Citizens have little to no awareness regarding this approach and the implications it will have in a near future for their way of life and more globally for their town. A question remains: will this writing piece that emerged from a governmental body will really translate into action and long-term strategy?. Strategies seem to be discussed at a higher level in a top-down hierarchy and citizens are not clearly involved in the decision-making process. The question of awareness means to decide what citizens should be aware of and how do you build awareness on the selected topics. Climate change is part of a global history of human impacts on our ecosystems and the way of life of many people around the planet will drastically change, will it be intended or not. So how do you engage locally and progressively in a discussion about changes to come, for citizens, for communities within a territory?
Making a game
When I came back to Rhyl and Kinmel Bay for a second field research I met with Stuart Anderson, former councillor, and Barry Griffiths, councillor, who set up the flood warden program, a volunteer initiative to inform and prevent locals about flood risks and adaptation methods (housing, evacuation plan, etc.). Barry describes their action with a reality-facing analysis: "We come to people’s frontdoor with a conversation they don’t want to have" . The way climate change adaptation policies will influence people’s way of life is indeed a complex topic and people that are the most vulnerable to flood risk tends to be the most socially and economically precarious. In this case, the implications of change meet limited agency.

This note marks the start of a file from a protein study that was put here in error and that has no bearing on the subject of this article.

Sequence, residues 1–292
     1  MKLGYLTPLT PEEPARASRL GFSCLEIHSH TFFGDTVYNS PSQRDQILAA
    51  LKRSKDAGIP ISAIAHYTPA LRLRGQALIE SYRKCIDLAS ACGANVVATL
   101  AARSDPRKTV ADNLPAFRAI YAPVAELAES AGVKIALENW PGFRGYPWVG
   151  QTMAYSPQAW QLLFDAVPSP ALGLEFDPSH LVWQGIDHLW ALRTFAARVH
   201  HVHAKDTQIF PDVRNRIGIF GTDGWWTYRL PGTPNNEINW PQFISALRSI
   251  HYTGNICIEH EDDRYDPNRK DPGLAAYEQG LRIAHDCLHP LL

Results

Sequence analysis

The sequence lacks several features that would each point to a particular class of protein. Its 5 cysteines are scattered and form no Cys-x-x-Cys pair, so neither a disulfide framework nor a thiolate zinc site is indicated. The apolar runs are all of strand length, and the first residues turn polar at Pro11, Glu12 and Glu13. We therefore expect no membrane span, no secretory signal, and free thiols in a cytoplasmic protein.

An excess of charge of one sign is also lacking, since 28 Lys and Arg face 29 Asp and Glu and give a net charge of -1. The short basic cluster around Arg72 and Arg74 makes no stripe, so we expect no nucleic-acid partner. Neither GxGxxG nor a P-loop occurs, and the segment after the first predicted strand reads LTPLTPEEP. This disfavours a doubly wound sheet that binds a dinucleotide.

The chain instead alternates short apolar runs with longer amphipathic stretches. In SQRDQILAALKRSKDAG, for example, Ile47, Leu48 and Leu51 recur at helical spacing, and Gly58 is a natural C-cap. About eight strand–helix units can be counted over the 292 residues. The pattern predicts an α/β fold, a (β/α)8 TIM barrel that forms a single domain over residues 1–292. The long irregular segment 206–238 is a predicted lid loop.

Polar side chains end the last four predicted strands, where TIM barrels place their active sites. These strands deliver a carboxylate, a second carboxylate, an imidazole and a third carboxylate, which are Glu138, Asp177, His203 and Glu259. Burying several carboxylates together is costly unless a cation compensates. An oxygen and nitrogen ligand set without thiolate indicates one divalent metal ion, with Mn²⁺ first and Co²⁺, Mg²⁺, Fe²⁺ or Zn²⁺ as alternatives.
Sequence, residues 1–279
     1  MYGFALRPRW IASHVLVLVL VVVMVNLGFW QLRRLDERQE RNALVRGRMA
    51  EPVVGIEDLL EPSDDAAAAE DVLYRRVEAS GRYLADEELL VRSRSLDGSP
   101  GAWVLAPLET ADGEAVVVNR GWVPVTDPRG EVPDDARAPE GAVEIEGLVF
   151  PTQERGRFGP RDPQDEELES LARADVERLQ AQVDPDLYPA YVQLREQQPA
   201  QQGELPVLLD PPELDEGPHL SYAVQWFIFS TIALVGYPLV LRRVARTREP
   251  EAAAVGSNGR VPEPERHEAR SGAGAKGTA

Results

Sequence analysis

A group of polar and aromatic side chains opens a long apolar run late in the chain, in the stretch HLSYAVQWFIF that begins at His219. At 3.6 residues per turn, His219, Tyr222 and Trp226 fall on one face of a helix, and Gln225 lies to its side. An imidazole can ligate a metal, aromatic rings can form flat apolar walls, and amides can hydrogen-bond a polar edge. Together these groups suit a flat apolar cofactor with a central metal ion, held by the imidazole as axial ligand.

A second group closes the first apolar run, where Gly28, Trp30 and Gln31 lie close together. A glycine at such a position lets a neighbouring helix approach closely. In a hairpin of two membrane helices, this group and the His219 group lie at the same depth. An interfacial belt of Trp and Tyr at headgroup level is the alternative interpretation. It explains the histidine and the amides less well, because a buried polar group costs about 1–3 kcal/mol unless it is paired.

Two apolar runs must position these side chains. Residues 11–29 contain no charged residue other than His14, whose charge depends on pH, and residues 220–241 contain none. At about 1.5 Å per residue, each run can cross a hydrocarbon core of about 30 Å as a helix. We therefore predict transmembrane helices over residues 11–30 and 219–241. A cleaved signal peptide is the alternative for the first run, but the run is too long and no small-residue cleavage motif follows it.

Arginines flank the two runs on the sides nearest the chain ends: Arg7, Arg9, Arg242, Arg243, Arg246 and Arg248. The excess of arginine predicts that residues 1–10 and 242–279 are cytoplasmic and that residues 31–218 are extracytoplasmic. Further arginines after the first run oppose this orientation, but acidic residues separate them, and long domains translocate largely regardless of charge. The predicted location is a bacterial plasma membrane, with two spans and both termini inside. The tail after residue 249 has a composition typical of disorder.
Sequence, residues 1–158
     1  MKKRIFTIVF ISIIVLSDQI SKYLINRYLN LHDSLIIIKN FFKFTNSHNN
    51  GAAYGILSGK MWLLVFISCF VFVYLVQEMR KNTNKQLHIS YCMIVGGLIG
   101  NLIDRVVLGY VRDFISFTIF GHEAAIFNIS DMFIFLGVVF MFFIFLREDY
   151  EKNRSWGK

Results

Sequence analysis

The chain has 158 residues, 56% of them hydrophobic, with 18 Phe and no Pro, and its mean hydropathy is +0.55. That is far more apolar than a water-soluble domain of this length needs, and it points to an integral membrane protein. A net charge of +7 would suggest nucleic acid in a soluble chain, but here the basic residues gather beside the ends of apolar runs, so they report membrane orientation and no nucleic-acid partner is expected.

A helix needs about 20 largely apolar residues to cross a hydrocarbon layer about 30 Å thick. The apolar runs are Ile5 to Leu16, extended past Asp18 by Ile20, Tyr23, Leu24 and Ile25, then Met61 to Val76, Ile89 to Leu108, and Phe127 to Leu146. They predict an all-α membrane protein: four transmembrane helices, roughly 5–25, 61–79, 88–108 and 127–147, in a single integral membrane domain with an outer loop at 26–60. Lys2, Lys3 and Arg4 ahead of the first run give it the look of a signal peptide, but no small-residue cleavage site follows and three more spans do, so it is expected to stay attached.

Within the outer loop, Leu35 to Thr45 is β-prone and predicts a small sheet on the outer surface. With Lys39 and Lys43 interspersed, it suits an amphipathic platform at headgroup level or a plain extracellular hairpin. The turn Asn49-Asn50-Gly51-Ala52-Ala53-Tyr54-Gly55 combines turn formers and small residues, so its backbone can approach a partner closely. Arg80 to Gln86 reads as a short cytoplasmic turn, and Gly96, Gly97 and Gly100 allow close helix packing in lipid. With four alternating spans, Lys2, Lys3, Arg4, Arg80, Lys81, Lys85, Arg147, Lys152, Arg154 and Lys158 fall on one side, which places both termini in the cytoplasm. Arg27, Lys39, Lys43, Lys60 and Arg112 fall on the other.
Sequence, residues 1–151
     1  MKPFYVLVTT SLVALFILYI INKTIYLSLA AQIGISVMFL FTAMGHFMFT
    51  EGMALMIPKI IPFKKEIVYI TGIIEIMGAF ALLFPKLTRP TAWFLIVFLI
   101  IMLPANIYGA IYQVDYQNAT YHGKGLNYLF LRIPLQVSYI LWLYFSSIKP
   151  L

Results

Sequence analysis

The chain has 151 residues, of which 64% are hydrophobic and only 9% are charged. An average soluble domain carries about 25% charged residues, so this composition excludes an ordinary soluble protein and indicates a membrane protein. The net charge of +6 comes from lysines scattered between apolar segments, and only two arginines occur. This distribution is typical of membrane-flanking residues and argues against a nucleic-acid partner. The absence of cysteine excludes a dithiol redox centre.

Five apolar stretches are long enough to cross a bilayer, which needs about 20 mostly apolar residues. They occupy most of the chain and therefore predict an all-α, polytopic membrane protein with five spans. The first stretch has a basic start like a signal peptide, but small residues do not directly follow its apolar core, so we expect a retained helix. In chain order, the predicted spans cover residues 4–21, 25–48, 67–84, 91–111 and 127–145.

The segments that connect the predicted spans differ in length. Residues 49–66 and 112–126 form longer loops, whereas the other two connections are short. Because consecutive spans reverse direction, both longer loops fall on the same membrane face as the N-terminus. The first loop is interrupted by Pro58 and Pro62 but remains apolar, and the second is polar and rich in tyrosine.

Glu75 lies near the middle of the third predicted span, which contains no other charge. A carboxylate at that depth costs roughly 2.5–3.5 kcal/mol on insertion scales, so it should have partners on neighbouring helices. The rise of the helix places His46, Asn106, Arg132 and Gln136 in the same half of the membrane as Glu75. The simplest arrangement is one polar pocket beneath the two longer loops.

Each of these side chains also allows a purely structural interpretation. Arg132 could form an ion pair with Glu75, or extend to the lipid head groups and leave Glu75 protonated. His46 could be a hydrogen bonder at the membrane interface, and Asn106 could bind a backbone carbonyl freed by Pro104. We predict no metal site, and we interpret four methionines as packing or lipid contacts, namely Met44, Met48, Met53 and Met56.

I came to Stuart and Barry with the idea to make a game to ease the conversation around a tangible object that implies to seat at a table and discuss while playing. Furthermore, the game can have an educational virtue allowing people to understand events likely to happen, possible solutions or projects and forecasted changes to come. It was aimed to be played as a family game where kids can be part of the conversation as they are even more concerned by this discussion. Even if the game didn’t reach Stuart’s expectations we’ll continue to push forward to iterate on the game and test it again with local schools and citizens.
The game is a tile-based strategy game. Every turn two things happen: 1) water rises (assigned randomly to the board by a roll of dices); 2) an event (climatic or human-led) happens. The game is played by 2 players, one with Rhyl, one for Rhuddlan (another town) and one facilitator. The two players can decide to play cooperatively depending of their own strategy though events can push them to play together. The goal of the game is to sustain and adapt until the end of the game and to not run out of ‘resources’ (supply, energy, people, adaptation points). Players must develop their city to adapt to events and maintain their resources as the same time. The game allows a certain freedom of choice as the facilitator acts a game master with whom you can ask questions and negociate.
The game is meant to be open-source and freely usable to everyone, the rulebook prototype is available for download with a paper prototype of the game.
Research and design - Gauthier Roussilhe
Rhyl local helpers and interviewees - Stuart Anderson, Barry Griffiths, Garry Davies, Andrew Richards, Marshall (Kite surf school), Gerrard Butters
Date – June 2018
Auditor General for Wales, "Coastal Flood and Erosion Risk Management in Wales" (Cardiff: Welsh Audit Office, 2016) p.10 ↩
Auditor General for Wales, "Coastal Flood and Erosion Risk Management in Wales" (Cardiff: Welsh Audit Office, 2016) p.9 ↩